The glutathione S-transferases (GST) are a family of enzymes that are present in high concentration in hepatic cytosol. The GST are important enzymes for the detoxication of a large number of reactive molecules. They detoxify these reactive molecules by forming glutathione conjugates which are potent inhibitors of GST and some may themselves by toxic. Hepatocytes have a mechanism that allows for the efficient excretion into bile of products of GST catalyzed reactions. The GST are also thought to function as transport proteins for a variety of non-polar molecules (bilirubin, heme, bile acids) however this role has not been established with certainty. In this proposal are described experiments designed to purify and characterize (radiation inactivation, reconstitution, amino acid analysis) the transport system for conjugates of glutathione that is known to be present in canalicular membranes of hepatocytes. Additionally, in intact hepatocytes the effect of a number of important factors (inducibility by phenobarbital, role of membrane potential, effect of extracellular matrix) on expression of this transport system will be investigated. Recent work has shown that expression of a certain form of GST is associated with malignant transformation of cells and this form is also expressed in hepatocytes in culture. The expression of GST in cultured hepatocytes under different conditions of culture will be investigated to gain insight into the factors that influenced tissue expression of the GST. Heme must move from its site of synthesis in the mitochondria to the ER to form the active cytochromes form their respective apoproteins. GST may facilitate this movement, although exactly how they accomplish this is uncertain. This laboratory has a system that allows for measuring movement of heme out of mitochondria and it will utilize this system to investigate how the GST serve as heme transport proteins. The precise mechanism that allows the GST to increase the rate of reaction between glutathione and toxic electrophiles is unknown. The latter can be determined by localization of the active site in the primary amino acid sequence of GST and then using site directed mutagenesis to alter certain amino acids in the active site. Recent work has now provided the information needed to develop strategies for site directed mutagenesis of GST and experiments are described that will allow for the development of an expression system for mutants of GST using E. coli for subsequent site directed mutagenesis studies.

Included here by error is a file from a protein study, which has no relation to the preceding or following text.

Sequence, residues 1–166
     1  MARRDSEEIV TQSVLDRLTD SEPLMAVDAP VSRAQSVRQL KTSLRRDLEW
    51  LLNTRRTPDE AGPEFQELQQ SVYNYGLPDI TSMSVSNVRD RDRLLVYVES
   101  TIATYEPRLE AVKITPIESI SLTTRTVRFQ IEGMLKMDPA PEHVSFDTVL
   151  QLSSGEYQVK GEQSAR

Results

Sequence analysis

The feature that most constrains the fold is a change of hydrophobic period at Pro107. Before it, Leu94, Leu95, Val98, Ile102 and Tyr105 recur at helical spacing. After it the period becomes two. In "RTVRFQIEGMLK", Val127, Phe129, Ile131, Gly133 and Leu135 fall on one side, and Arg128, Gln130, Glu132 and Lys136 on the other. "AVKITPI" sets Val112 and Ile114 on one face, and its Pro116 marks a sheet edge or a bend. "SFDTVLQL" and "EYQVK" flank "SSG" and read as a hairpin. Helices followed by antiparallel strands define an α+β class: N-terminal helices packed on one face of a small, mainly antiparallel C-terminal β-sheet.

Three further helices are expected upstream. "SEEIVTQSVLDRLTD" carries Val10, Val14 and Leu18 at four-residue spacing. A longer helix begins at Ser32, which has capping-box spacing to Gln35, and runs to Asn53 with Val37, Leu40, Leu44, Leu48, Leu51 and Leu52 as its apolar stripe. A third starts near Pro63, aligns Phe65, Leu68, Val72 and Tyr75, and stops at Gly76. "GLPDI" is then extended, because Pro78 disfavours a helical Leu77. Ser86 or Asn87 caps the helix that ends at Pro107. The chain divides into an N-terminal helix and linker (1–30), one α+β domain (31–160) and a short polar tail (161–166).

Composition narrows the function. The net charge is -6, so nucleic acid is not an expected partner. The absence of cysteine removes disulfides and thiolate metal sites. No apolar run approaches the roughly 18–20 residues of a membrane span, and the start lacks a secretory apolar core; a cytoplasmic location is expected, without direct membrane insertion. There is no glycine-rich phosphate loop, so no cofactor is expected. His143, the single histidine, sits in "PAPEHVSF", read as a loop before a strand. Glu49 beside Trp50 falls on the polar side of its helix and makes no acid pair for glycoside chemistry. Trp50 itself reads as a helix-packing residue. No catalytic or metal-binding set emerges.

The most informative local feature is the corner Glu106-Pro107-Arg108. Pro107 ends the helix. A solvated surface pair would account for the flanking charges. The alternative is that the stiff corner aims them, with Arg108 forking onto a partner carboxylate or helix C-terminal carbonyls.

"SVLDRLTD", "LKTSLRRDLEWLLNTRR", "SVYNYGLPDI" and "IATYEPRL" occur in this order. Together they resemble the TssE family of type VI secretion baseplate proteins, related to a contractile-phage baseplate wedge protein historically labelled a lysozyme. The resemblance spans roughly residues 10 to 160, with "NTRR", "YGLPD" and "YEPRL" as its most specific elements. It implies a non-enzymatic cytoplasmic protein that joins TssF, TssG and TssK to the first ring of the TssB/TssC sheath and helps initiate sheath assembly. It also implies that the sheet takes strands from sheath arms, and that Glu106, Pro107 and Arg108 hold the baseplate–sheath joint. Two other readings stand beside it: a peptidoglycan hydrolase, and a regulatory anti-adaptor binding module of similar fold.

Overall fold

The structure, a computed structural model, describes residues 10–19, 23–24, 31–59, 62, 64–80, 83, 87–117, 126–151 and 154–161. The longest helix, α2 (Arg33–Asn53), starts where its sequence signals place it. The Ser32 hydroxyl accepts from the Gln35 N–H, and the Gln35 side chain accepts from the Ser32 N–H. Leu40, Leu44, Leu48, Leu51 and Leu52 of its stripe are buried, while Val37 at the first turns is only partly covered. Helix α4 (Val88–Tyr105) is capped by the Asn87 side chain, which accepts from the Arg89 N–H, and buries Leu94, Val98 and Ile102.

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Emory University
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Whalen, Richard; Liu, Xiangdang; Boyer, Thomas D (2006) Identification of a short form of ubiquitin-specific protease 3 that is a repressor of rat glutathione S-transferase gene expression. Biochem J 394:519-26
Ranganathan, Perungavar N; Whalen, Richard; Boyer, Thomas D (2005) Characterization of the molecular forms of glutathione S-transferase P1 in human gastric cancer cells (Kato III) and in normal human erythrocytes. Biochem J 386:525-33
Whalen, Richard; Voss, Susan H; Boyer, Thomas D (2004) Decreased expression levels of rat liver glutathione S-transferase A2 and albumin during the acute phase response are mediated by HNF1 (hepatic nuclear factor 1) and IL6DEX-NP. Biochem J 377:763-8
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